Lync® Online is a Microsoft Office 365 hosted communications offering that delivers the collaboration capabilities of Lync Server 2013 as a cloud-based service. The various Lync server roles (Front End Server, Mediation Server, Edge Server, etc.) all run in Microsoft data centers.
Now, with the recent 1.6 release of Citrix’s HDX RealTime Optimization Pack for Lync, delivering the Lync client from XenApp/XenDesktop in a Lync Online environment is easier than ever before.
Just like organizations that host their own Lync server infrastructure on premises, Lync Online customers would prefer to deliver the Lync client in an “optimized” way, to maximize the scalability of their XenApp/XenDesktop servers and to eliminate unnecessary “hairpinning” (or “tromboning”) of audio-video traffic through the data center. Such an optimized architecture is possible for Lync Online customers by using the Citrix HDX RealTime Optimization Pack for Lync, which requires no modifications to the back-end Lync server infrastructure. The Optimization Pack consists of two components: (1) the HDX RealTime Connector for Lync runs alongside the Lync 2010 client in the user’s desktop virtual desktop to ensure that when a user makes a call the media processing is offloaded to (2) the HDX RealTime Media Engine on the user device (Windows, Linux or Mac). The Citrix HDX RealTime Media Engine is analogous to Microsoft’s Lync VDI Plug-in for Windows, which unfortunately does not support Lync Online /Office 365. Like the Lync VDI Plug-in, the HDX RealTime Media Engine includes Microsoft’s proprietary RT Audio and RT Video codecs and proprietary SIP extensions. In addition, it includes various industry standard codecs, notably H.264, various flavors of H.263, G.711 and several G.722 variants, enabling interoperability with many third-party in-room conferencing systems that are capable of registering with the Lync Front End Server.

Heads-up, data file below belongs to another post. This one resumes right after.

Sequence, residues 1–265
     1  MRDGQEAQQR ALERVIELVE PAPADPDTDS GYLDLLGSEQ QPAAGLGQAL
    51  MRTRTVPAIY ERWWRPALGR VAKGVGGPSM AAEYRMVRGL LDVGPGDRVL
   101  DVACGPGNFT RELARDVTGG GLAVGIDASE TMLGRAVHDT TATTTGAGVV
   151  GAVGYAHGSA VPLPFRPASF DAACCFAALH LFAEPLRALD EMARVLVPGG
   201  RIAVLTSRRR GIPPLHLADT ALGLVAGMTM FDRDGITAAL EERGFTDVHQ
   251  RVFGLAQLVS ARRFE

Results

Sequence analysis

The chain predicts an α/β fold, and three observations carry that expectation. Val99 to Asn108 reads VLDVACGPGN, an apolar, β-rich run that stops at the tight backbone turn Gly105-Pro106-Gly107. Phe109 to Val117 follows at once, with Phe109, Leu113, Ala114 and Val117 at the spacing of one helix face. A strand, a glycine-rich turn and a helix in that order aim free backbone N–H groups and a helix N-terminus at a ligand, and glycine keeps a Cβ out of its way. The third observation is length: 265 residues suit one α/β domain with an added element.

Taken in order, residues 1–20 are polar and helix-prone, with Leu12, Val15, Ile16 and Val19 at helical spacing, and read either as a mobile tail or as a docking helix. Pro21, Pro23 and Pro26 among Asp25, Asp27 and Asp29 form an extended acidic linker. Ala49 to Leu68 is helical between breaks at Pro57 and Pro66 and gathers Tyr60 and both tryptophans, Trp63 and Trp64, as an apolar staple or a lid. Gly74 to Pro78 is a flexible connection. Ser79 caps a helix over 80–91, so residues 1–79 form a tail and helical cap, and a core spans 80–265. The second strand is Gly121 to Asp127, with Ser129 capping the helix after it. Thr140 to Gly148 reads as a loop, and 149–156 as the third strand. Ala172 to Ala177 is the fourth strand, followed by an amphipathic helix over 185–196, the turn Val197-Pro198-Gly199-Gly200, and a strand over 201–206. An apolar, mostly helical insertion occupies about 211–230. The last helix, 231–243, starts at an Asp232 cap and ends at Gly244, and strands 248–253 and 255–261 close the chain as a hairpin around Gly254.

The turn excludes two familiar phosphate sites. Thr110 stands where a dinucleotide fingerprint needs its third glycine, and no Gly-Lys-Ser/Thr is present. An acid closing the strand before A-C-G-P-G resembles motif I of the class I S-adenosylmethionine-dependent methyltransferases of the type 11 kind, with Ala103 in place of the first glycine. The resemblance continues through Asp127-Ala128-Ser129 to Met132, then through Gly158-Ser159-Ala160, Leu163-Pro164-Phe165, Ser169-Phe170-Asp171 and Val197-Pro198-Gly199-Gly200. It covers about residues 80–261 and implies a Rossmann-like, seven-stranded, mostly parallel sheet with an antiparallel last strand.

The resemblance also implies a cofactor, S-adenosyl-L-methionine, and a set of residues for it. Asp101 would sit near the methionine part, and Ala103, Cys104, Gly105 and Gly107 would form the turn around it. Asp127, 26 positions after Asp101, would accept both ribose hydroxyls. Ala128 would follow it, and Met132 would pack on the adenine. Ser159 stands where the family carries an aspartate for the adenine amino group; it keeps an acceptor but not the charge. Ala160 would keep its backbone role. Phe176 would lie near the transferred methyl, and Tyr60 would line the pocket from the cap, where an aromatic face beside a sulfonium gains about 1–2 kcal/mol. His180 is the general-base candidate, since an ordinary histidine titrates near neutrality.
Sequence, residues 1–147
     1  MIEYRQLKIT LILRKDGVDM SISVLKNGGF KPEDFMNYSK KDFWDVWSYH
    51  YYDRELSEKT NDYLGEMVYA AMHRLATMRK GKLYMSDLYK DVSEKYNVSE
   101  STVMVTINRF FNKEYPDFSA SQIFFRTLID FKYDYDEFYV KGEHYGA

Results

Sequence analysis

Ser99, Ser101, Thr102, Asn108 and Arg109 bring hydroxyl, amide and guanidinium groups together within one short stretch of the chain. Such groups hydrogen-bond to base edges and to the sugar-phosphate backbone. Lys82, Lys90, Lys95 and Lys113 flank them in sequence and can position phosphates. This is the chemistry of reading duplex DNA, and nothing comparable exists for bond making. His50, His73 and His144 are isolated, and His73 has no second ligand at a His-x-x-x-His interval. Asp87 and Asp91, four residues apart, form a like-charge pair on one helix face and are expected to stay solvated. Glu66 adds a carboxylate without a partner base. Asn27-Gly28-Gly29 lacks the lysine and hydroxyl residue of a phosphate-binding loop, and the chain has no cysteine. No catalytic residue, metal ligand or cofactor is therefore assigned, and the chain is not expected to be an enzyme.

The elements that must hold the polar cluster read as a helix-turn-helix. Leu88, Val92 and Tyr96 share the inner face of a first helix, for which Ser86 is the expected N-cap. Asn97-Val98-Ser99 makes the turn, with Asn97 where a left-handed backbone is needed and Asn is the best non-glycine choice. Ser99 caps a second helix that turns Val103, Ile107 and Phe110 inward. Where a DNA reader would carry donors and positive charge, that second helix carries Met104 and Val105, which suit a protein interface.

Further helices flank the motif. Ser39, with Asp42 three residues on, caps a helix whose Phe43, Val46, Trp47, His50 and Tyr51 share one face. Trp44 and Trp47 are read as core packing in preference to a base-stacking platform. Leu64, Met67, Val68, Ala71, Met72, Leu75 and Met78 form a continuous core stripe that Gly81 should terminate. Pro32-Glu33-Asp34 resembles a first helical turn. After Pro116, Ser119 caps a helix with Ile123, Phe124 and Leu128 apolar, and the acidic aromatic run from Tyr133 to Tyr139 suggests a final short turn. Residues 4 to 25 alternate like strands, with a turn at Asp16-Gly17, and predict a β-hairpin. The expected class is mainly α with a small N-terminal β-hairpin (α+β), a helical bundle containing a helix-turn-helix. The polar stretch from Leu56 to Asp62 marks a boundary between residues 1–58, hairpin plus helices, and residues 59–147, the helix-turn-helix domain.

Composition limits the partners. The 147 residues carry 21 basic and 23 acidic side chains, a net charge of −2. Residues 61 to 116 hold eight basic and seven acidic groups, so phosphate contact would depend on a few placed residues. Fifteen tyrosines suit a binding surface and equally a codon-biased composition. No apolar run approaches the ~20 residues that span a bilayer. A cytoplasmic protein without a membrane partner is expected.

To fully support Lync Online, version 1.6 of the HDX RealTime Optimization Pack for Lync offers a variety of compatible authentication methods.
No doubt the most important one for large enterprises is Active Directory Federation. With this method, the enterprise retains its Active Directory on premises, and authentication to the Office 365 environment is achieved through claims-based single sign-on. Using federated trust to manage access to Lync Online reduces or eliminates the need for duplicate accounts and other credential management overhead. The user’s identification is verified by the organization’s on-premises Active Directory rather than Office 365’s Azure Active Directory.
Small customers (typically less than 200 users) may prefer to use Office 365 Cloud Identities. In this model, user accounts are created and managed in Office 365 and stored in Azure AD, and the password is verified by Azure AD. Office 365 onboarding is easy with this approach since there is nothing that needs to be configured other than to create users in the Office 365 admin center.
A third alternative for authentication to Lync Online is to use the Microsoft Azure Active Directory Sync Tool. In this model, user identities are managed in an on-premises Active Directory server and the accounts and password hashes are synchronized to the Office 365 cloud. The password hash is designed so that it cannot be reversed to reveal the user’s plaintext password. Additional security processing is applied to the password hash before it is synchronized to the Azure AD authentication service. When a user logs in to Lync Online, the user’s password is verified by Azure Active Directory. This model is popular both with SMB and large enterprise customers.
For an overview of the authentication and single sign-on mechanisms supported by the HDX RealTime Optimization Pack for Lync, please see CTX135647, which is in the process of being updated to describe AD Federation to Lync Online.
Director of Product Management, HDX